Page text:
“The monkeys are coming!”
No, it’s not another Planet of the Apes movie. But in June, a monkey caused a nationwide power outage in Kenya. For hours, millions of businesses were without electrical power, costing them a large amount in lost revenue. This shows that not all disasters come in the form of major storms.
And before you say “but that’s in Kenya”, are you really prepared for ‘mundane’ disasters like broken water pipes flooding office buildings? Or failed air conditioning units leading to overheating of servers? What of the ever present danger of hacking?
Data loss can happen at anytime and to any business, regardless of size or geographic location. This makes planning for recovery the best way to ensure business continuity.
Like most businesses, you probably use technology to process information quicker and your employees use email to communicate. Your servers process and store large amounts of data. So what happens when all your technology stops working? Can you really afford any downtime?
According to a study by Enterprise Strategy Group, only 53% of organizations can tolerate less than an hour of downtime. Past that and they experience adverse business impacts including significant revenue loss.
With the popularity of big data, the total volume of data loss has also increased more than 400%. The total cost of data breaches is now projected to reach more than $2.1 trillion by 2019.
With these stats, isn’t it time to implement a BDR plan?
With the sources of data loss as varied as they are, it can be hard to have an all-in-one template for disaster planning. However, here are some key steps to making disaster recovery part of your business IT:-
- Know your RPO and RTO – Developing a disaster recovery plan starts with determining the optimal recovery point objective (RPO) and recovery time objective (RTO) for your business.
Your RTO is the minimum amount of time required to get your business back up and running i.e. how much downtime you can afford. RPO relates to how much data your company may lose in a disaster. Ideally, these times should be as short as possible.
- Prioritize critical systems – After calculating how much downtime you can afford, the next step is to compile and prioritize your critical systems. By classifying important processes and mapping out dependencies, you ensure that you get the most critical systems back online as soon as possible.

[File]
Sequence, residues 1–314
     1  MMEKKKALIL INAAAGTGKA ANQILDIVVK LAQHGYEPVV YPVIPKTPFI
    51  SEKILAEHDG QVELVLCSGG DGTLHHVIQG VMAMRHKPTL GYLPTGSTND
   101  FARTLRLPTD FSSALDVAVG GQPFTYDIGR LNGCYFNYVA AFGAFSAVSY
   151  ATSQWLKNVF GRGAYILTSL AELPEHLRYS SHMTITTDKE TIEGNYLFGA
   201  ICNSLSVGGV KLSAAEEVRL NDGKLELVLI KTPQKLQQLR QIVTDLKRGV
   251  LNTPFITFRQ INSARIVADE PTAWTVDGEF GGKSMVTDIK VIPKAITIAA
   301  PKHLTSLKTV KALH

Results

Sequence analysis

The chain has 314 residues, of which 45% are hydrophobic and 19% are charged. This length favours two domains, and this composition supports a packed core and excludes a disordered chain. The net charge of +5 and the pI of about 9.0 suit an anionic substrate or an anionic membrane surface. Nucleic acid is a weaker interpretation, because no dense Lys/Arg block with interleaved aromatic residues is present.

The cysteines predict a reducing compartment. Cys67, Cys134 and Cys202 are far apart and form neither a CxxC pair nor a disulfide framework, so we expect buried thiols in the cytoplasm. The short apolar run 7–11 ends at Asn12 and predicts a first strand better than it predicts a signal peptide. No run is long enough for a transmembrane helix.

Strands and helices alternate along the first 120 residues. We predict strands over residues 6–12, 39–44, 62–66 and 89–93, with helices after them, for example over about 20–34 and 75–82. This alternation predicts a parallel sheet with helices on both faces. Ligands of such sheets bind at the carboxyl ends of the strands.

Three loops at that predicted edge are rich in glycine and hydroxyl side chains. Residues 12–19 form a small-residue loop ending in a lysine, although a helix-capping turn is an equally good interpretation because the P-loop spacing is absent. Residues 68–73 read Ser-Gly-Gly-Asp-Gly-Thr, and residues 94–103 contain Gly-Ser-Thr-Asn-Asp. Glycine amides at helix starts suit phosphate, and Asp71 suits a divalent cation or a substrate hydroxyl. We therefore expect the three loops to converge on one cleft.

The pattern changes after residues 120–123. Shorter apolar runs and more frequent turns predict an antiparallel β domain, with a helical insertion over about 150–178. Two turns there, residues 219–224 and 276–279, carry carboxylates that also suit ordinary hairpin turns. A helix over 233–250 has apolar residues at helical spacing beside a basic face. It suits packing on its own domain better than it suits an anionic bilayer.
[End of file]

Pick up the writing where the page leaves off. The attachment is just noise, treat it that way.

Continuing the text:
When prioritizing, seek input from other departments as what one may consider critical isn’t a top priority for other key departments.
- Identify key personnel – Establish a disaster recovery planning committee, and lay out who is responsible for what. With key roles and responsibilities identified, your business can get back on track much quicker.
- Choosing effective recovery strategies relies on the type of disaster that occurs. Some, such as a power outage, can affect any business; others can be unique to certain locations. To develop an effective recovery plan, extensive risk assessment should be carried out.
Consider your existing facilities, hardware, software, data files, end-user systems etc, and anticipate the effects of a disaster.
For example, where will your data backup go? Will it remain on-site or off-site? Remember that if the disaster destroys your office building, any backups stored on-site will probably be destroyed along with your primary servers.
To avoid this, your business can use off-site backup solutions like tapes stored away from the office, a removable hard drive, or a cloud software solution.
- Finally, ensure you test the disaster recovery plan. With your BDR in place, a structured walk-through test must be conducted. This will provide any additional information and help identify any procedures that are not effective. When it comes to BDR, you’re only as good as your last test, don’t be one of the 36% of companies that do not test their recovery at all.
All businesses should spend time creating a recovery plan that ensures the business is quickly supported after a disaster. The use of cloud applications and storage, alleviates the risk of saving files on-site or on hardware like external hard drives.
Using the cloud, even when faced with a flooded office, your staff can still access your information and get on with the job of running the business
Contact DevSoft to learn more about how solutions like Office 365 can save your business from disaster.